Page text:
Environmental Factor, August 2010, National Institute of Environmental Health Sciences
CDC Taps Portier to Head Programs
By Larry Lazarus
Senior Advisor Chris Portier, Ph.D., left NIEHS July 29 to serve as director of two high-profile programs at the Centers for Disease Control and Prevention (CDC). Portier, a 32-year veteran of the Institute, assumes duties as director of the Agency for Toxic Substances and Disease Registry (ATSDR) and the National Center for Environmental Health (NCEH).
Portier said he was motivated to make the career change "due to my focus on direct public health issues during the last several years" and a commitment "to give back to my country and use what I have learned at the NIEHS to improve the health of the American public."
During his tenure at NIEHS, Portier served in several leadership roles. He was a principal investigator in the Environmental Systems Biology Group, former director of the Environmental Toxicology Program, and former associate director of the National Toxicology Program (NTP).
As senior advisor, Portier was a driving force in the NIEHS global health initiative. He helped design and fund a set of high-profile papers published in the journal The Lancet in November 2009 that identified important health benefits of interventions to alleviate global climate change (see story(http://www.niehs.nih.gov/news/newsletter/2009/december/spotlight-climatechange.cfm)). He was the NIEHS lead on a white paper, "A Human Health Perspective on Climate Change,"(http://www.niehs.nih.gov/climatereport) published in April 2010 by a U.S. government-wide global health working group investigating the state-of-the-science on the human health consequences of climate change.
In a congratulatory note about Portier's new appointment, NIEHS/NTP Director Linda Birnbaum, Ph.D. said, "Over the years, I have often marveled at Chris' intellectual ability and what I would call brilliance when it comes to big picture visionary thinking. I know I can always count on Chris for new ideas and challenging discussion, which I believe has benefited our Institute in many ways."
Portier leaves the NIEHS/NTP with the support and admiration of many colleagues and collaborators. In particular, they stressed his committed mentorship, dynamic leadership style, broad understanding and appreciation of basic and applied science, and dedication to using modeling to improve risk assessment.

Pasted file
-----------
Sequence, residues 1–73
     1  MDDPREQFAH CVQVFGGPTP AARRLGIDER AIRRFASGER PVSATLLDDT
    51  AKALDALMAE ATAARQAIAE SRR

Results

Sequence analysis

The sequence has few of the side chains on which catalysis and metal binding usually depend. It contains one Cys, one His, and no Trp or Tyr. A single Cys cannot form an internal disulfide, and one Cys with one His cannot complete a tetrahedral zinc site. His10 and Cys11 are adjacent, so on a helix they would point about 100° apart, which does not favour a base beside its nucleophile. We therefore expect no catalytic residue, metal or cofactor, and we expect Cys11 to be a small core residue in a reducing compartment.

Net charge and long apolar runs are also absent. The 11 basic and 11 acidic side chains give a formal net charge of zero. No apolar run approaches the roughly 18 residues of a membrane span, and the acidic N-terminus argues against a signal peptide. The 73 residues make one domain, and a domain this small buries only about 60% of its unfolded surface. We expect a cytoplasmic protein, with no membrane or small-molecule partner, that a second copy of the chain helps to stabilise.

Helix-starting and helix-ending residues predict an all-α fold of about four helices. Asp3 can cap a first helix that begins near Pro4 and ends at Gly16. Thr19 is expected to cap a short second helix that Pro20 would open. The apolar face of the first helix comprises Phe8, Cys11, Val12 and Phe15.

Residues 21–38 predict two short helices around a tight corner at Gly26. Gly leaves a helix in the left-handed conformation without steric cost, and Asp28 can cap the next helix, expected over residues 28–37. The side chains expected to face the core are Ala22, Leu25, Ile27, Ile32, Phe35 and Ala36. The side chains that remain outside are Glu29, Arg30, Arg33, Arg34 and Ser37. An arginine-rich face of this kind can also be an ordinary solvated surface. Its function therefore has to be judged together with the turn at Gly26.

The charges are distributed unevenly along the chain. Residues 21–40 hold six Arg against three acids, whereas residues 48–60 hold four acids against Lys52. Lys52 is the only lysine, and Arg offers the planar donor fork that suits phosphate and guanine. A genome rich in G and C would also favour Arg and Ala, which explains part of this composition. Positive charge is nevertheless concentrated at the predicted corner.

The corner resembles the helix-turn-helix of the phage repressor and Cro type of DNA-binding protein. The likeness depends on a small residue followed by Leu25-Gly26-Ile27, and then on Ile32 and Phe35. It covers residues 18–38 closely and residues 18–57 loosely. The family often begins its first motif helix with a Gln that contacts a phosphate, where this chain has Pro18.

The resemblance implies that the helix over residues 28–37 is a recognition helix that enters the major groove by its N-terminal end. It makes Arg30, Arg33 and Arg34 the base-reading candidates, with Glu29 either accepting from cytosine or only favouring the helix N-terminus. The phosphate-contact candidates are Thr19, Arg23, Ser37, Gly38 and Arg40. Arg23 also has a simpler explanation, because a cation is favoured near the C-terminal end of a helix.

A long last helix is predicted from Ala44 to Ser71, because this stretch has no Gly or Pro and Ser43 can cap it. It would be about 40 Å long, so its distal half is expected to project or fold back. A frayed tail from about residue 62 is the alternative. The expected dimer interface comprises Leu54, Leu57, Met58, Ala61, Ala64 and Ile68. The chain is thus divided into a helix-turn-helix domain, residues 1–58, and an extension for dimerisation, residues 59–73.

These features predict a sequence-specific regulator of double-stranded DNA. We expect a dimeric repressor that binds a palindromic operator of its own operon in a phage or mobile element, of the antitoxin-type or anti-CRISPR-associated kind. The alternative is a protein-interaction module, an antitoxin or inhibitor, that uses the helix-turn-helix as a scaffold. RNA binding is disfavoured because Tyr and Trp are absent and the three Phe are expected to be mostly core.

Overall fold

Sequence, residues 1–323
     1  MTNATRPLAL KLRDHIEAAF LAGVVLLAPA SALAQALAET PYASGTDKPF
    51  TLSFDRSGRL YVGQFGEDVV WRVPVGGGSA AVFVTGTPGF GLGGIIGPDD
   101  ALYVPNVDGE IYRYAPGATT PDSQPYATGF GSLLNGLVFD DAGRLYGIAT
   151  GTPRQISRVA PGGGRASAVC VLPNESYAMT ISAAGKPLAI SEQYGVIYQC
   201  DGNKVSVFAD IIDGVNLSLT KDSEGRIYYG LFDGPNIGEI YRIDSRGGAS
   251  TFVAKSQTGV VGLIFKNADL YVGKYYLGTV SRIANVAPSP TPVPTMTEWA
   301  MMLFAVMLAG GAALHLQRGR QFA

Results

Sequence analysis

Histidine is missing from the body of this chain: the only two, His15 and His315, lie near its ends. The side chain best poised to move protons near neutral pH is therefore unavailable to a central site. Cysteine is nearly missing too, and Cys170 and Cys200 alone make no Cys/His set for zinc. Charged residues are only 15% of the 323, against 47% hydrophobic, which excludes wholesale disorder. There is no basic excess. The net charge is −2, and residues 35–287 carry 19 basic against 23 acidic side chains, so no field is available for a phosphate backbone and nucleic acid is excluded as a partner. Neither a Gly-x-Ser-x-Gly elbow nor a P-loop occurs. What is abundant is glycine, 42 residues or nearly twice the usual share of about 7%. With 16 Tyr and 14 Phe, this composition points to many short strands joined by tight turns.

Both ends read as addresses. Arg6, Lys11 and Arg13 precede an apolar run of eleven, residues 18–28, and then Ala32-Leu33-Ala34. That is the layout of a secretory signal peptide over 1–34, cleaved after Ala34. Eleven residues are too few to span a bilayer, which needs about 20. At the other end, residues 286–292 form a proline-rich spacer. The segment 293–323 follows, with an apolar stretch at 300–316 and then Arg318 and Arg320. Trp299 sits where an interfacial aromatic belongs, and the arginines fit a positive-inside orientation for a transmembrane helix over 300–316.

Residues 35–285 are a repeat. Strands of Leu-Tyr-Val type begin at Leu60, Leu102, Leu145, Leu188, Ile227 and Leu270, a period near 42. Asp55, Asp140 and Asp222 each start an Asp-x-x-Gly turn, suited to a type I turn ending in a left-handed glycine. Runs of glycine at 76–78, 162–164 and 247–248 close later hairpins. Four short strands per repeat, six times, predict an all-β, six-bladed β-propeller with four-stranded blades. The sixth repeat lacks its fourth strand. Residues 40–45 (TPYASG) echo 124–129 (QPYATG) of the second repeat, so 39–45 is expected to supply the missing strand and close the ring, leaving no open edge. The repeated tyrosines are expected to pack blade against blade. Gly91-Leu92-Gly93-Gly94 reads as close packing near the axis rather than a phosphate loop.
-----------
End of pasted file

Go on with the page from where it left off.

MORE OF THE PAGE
John Prichard, Ph.D., NIEHS acting scientific director, noted that Portier "led the effort to develop a master plan - a roadmap - for the NTP [due to] his emphasis on mechanistic endpoints, and he set priorities which continue to have a strong impact." During Portier's tenure as NTP associate director from 2001-2006, the program put out its landmark document,
Current NTP Associate Director John Bucher, Ph.D., said Portier brought "quantitative rigor" to the NTP by "developing an NTP database and high throughput screening [which] led to the Tox-21 initiative working beyond our dreams." This sentiment was reiterated by Nigel Walker, Ph.D., NTP deputy program director for science, who remarked, "We are living in the vision he started."
Portier's mentor and former NTP Associate Director George Lucier, Ph.D., had this to say: "Dr. Portier combines a remarkable intellect with a keen understanding of how to translate science into sound public policy decision-making."
Both Lucier and Birnbaum see Portier's move as an opportunity to strengthen collaborations in addressing environmental causes of human disease. The NCEH/ATSDR is an important member of the NTP, which is an interagency program of the U.S. Department of Health and Human Services.
Explaining the mission of NCEH/ATSDR, Portier added, "The basic concept is anytime anyone needs help about toxic substances in their neighborhood, they call us. The NCEH looks at the people who live in an affected region." Portier said that the scientists and staff at NCEH/ATSDR also serve as boots on the ground as "the nation's first responders for health related issues."
This role involves not only major environmental disasters, such as waste dumps, toxic sites, hurricanes, and oil spills, but also "clusters of environmental health-related cancers," he added. Portier said the NCEH is also the "biomonitoring program for the U.S." and works hand-in-hand with organizations to conduct multidimensional evaluations that assess 450 known environmental chemicals in human blood and urine samples, to aid in understanding exposures in the United States.
(Larry Lazarus, Ph.D., is a principal investigator in the NIEHS Laboratory of Toxicology and Pharmacology.)